Things Others Could Only Dream Of
Avrohom Bartzuker merited to see his sons, Mordechai Yoel and his
brother Zalman (both later adopting the surname Duchman), become
Chassidim of stature. The two boys had suffered a difficult
childhood. Poverty was their daily fare — their father was
terribly poor, and their mother’s small bakery barely managed to
support the family.
for their upbringing was primarily due to Reb Eizik of Homil. The
two boys grew up in awe of Reb Eizik. They saw him as the proper
figure to emulate, and tried to spend time with him. Recognizing
their desire, Reb Eizik approached their father and made an offer.
“Send the boys to live with me,” he said. “They will stay in
my home; I will teach them nigleh and Chassidus.”
Although it entailed self-sacrifice on his part, Reb Avrohom
then on began a rewarding period for the two boys. Reb Eizik gave
them individual attention, studying with each boy on his level
until they became learned young men. In fact, when Reb Eizik’s
granddaughter was married, Reb Eizik asked the young groom also to
show attention to these youngsters.
Eizik maintained a cheider sheini, a room adjoining
and opening to the main synagogue. Great Chassidim davened
in this room every day for lengthy periods of time, as prescribed
by the Alter Rebbe and the following Rebbeim. Their prayer was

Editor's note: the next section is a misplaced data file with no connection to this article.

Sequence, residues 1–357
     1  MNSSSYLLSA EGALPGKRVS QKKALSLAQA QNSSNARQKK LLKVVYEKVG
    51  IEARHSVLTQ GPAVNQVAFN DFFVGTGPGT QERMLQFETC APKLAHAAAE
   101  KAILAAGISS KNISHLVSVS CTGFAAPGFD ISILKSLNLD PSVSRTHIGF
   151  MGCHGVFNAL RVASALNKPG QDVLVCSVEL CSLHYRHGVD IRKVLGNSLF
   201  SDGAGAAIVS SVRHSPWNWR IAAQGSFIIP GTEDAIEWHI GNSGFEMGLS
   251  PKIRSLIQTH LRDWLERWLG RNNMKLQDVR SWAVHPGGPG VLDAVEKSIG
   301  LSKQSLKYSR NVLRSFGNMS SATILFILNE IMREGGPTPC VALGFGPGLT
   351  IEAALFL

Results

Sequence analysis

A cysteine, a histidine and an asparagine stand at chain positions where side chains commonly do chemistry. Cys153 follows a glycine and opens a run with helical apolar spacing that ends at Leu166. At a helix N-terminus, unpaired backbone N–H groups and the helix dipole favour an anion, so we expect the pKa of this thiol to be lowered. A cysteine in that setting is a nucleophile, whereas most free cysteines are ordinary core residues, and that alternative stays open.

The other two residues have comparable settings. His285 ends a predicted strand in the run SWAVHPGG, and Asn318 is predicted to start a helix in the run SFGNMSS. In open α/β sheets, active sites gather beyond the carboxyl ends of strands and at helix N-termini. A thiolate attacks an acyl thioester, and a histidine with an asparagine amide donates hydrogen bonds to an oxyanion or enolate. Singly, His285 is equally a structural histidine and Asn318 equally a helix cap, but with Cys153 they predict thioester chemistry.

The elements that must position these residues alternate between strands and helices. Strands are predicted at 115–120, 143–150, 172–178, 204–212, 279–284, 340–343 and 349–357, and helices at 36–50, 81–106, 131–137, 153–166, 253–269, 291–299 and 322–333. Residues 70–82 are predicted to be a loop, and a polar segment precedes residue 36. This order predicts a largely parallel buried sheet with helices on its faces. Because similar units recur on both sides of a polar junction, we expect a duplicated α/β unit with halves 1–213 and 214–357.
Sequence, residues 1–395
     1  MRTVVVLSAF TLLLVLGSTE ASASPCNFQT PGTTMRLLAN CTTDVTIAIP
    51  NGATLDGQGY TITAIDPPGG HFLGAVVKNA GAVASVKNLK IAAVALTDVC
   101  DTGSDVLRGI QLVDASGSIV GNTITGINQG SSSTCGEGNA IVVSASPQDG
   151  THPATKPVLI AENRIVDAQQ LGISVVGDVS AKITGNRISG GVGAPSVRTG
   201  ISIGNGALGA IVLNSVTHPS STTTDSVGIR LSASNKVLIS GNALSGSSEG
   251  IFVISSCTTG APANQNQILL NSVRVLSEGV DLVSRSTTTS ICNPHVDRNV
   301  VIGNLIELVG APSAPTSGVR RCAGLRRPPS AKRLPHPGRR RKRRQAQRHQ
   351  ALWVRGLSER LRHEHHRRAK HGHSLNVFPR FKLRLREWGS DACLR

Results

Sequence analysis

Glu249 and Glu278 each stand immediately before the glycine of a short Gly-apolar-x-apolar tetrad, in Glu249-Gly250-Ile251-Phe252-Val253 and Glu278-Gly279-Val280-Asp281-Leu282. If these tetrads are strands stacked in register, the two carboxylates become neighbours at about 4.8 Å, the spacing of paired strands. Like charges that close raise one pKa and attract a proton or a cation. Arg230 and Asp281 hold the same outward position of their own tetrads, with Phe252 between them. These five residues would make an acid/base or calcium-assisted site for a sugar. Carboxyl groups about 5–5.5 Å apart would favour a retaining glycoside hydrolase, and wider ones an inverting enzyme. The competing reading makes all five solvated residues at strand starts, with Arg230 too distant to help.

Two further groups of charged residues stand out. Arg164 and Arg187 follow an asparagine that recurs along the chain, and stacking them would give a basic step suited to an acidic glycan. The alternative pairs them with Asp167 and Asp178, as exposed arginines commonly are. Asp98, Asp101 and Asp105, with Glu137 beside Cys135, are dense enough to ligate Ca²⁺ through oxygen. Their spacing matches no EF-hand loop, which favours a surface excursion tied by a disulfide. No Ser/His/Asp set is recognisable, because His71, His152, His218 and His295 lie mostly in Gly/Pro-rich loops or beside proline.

accompanied by sweet singing and soulful contemplation.
Chassidim, including Reb Sholom Sender, Reb Shimon Laizer Tumarkin,
and Reb Dovid Nechomkin, used this special cheider sheini
for their daily prayers. Yet among them all, there was none
who could compare to Reb Mordechai Yoel. The beauty of his prayers
was simply exceptional.
heartache came from the community elders. In those days it was
customary for gentile soldiers to forcibly recruit young Jewish
men into the Czar’s army. To fill the quota, the elders
sometimes sent teenagers who lacked special lineage or financial
background. Their eye fell on Mordechai Yoel, a young pauper
living with the elderly Reb Eizik, but they had not the audacity
to drag him off in Reb Eizik’s presence.
Eizik somehow got wind of their plans. So he took Mordechai Yoel
with him wherever he went, even when he went to Lubavitch to see
the Tzemach Tzedek. Mordechai Yoel stayed in Lubavitch for a year,
during which time he merited special affection from the Rebbe. The
Tzemach Tzedek instructed Mordechai Yoel to sleep close to his
room and many times gave him food from his very own plate (shirayim).
had his sons learn with Mordechai Yoel; they taught him the
Tzemach Tzedek’s Chassidus, and he taught them Reb Eizik’s
teachings. Within a short time, Mordechai Yoel won grace in the
eyes of the Rebbe’s children and the Chassidim, young and old
alike. They called him “the bachur from Homil.” He also
maintained his special connection with Reb Eizik.
Yoel grew so close to the Rebbe that he merited to see things
others could only dream of — how the Rebbe davened, how
he said the morning blessings, how he recited the Grace after